South-Western College Publishing - Economics  
Cranberry Giant Made to Look Like a Turkey
Subject Comparisons with competition
Topic Monopoly
Key Words Monopoly
News Story

The cranberry industry is dominated by Ocean Spray, which sells cranberry drinks and other products. The company is a cooperative, owned by 920 cranberry farmers and citrus growers. The success of Ocean Spray has been its control of the supply of cranberries.

However, it is losing its control of the market. One Ocean Spray member founded a breakaway company, Northland Cranberries, in 1996 and produced a 100 percent juice version of Ocean Spray's Cranberry Juice Cocktail, which is only 27 percent juice. Ocean Spray's product response, Wellfleet Farms, has not fared well. Northland already has 10 percent of the cranberry juice market. Ocean Spray plans more new drink products.

As a result, there is overproduction of cranberries and growing inventory. Prices paid to cooperative members by Ocean Spray fell from $55 for a 100-pound barrel in 1998 to $32 to $38 in 1999.

(Updated December 1, 1999)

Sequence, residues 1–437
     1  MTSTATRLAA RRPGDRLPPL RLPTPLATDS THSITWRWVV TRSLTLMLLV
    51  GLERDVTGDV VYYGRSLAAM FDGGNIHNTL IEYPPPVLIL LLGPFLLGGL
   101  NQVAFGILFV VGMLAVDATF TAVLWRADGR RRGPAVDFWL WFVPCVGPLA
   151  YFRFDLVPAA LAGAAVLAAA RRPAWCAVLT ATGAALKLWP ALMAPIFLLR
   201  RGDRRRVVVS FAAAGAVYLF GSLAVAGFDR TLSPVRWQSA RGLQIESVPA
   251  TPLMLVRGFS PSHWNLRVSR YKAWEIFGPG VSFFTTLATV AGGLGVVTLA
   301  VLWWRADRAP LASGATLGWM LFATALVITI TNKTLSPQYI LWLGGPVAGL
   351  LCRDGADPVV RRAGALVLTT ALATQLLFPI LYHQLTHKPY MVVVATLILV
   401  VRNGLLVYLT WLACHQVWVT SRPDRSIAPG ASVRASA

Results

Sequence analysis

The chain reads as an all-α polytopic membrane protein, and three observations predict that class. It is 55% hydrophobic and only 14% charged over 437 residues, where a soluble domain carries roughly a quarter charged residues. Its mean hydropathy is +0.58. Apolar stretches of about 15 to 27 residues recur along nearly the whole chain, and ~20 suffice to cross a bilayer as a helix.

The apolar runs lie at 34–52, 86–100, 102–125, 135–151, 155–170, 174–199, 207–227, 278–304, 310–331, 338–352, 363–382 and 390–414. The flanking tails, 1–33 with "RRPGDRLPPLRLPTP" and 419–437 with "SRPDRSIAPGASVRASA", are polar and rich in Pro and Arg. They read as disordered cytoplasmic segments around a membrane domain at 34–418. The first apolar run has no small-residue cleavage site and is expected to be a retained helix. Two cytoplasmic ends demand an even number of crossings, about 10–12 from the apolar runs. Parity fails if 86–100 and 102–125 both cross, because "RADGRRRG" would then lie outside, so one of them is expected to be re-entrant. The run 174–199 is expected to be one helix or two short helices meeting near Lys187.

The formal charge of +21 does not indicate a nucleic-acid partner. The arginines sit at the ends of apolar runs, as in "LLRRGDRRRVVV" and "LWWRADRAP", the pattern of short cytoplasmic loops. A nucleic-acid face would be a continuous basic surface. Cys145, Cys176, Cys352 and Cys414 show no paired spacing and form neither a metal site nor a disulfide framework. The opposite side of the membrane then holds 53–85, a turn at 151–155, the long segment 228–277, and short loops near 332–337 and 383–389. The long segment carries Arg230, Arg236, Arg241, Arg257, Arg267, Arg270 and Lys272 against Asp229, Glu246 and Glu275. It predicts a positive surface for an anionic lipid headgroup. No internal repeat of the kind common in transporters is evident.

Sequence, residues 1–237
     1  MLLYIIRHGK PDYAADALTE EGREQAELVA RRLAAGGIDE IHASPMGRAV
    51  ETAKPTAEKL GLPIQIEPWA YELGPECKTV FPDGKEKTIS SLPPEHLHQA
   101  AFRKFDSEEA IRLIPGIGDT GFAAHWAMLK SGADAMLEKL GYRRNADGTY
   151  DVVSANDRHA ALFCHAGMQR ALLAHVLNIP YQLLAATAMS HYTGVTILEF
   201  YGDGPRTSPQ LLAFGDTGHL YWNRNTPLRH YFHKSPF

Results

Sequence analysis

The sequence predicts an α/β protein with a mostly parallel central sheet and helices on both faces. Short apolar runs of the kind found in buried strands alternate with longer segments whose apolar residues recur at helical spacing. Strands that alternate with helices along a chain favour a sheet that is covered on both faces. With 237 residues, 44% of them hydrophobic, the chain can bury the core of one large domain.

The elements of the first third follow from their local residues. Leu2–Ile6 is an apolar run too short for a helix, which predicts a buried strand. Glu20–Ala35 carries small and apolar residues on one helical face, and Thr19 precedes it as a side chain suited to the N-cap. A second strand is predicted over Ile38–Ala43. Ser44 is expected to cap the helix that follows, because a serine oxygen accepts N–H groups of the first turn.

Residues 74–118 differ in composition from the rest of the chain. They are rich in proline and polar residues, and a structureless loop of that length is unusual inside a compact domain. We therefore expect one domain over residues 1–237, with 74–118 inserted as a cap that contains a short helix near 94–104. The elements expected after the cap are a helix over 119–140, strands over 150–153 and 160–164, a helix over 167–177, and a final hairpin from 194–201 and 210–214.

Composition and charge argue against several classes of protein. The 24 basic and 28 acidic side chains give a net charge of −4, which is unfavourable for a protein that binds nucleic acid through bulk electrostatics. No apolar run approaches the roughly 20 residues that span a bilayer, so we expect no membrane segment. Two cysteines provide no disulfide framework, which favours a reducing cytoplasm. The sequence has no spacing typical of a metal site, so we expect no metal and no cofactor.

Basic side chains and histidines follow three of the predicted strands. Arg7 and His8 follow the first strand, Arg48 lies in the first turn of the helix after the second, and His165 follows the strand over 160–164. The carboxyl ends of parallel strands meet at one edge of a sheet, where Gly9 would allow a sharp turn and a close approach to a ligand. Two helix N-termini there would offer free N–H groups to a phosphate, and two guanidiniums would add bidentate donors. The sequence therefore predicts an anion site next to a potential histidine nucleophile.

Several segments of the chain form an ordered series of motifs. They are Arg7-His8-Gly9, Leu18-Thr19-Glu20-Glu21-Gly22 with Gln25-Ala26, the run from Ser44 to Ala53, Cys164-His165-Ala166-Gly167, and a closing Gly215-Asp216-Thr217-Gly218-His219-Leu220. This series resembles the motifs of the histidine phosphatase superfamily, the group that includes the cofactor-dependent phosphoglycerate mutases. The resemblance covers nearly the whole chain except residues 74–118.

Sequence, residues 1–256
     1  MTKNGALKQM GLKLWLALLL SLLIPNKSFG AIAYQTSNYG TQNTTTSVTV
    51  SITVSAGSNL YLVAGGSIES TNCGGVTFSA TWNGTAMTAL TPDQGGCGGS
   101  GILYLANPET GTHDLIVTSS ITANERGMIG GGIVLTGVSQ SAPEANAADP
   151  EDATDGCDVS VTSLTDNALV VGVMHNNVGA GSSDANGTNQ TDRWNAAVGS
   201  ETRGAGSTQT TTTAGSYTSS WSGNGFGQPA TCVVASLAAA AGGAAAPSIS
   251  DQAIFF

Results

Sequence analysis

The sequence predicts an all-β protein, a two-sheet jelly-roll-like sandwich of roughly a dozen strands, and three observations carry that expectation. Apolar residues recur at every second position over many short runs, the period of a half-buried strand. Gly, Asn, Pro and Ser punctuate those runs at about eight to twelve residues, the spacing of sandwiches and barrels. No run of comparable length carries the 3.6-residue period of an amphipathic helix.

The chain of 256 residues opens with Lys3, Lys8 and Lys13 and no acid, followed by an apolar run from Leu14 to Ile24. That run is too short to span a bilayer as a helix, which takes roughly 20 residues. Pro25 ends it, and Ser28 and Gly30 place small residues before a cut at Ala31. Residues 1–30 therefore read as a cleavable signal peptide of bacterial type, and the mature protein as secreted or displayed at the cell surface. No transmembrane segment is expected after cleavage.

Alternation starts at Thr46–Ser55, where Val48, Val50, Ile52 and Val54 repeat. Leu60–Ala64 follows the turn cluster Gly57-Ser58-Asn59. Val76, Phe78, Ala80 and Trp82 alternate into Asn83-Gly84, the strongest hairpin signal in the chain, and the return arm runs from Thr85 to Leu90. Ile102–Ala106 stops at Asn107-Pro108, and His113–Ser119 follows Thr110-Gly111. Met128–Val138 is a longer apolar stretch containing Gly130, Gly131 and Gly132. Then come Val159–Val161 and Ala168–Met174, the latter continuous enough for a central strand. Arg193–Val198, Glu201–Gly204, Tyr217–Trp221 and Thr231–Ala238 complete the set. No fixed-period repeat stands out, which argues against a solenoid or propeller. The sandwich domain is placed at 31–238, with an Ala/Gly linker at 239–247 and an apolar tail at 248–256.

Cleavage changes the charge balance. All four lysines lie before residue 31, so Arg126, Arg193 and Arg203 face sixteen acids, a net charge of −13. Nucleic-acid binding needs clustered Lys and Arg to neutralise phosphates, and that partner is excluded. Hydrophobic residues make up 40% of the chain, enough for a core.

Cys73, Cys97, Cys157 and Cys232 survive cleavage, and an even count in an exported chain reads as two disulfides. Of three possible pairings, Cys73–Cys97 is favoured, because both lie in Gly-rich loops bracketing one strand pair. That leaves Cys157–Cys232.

Questions
1. Prior to 1996, Ocean Spray approximated a monopoly.
  a) Draw a diagram representing the profit-maximizing equilibrium of Ocean Spray in the cranberry juice market. Show the marginal revenue and demand curves, as well as the average total cost and marginal cost curves. Mark the equilibrium price and output, and shade in the area representing profit.
  b) With the founding of Northland Cranberries, how did the position and elasticity of Ocean Spray's demand curve change? Explain your answer.
  c) Draw the new demand curve on your diagram and show the implications for Ocean Spray's equilibrium price and output. Also shade in the area representing the new amount of profit.
2. a) Redraw the initial monopoly equilibrium. Shade and label the area representing consumer surplus. Do the same for producer surplus and the deadweight loss.
  b) Now draw another diagram showing today's equilibrium. Shade and label the consumer surplus, producer surplus, and the deadweight loss.
  c) Compare the two diagrams. What has happened to the relative sizes of the three areas?
  3.
Given your answers to Questions 1 and 2, and in view of the news story, are consumers better off now? Offer several reasons for your stance.  
Source Constance L. Hays, "Harvest of Discontent," The New York Times, September 22, 1999.

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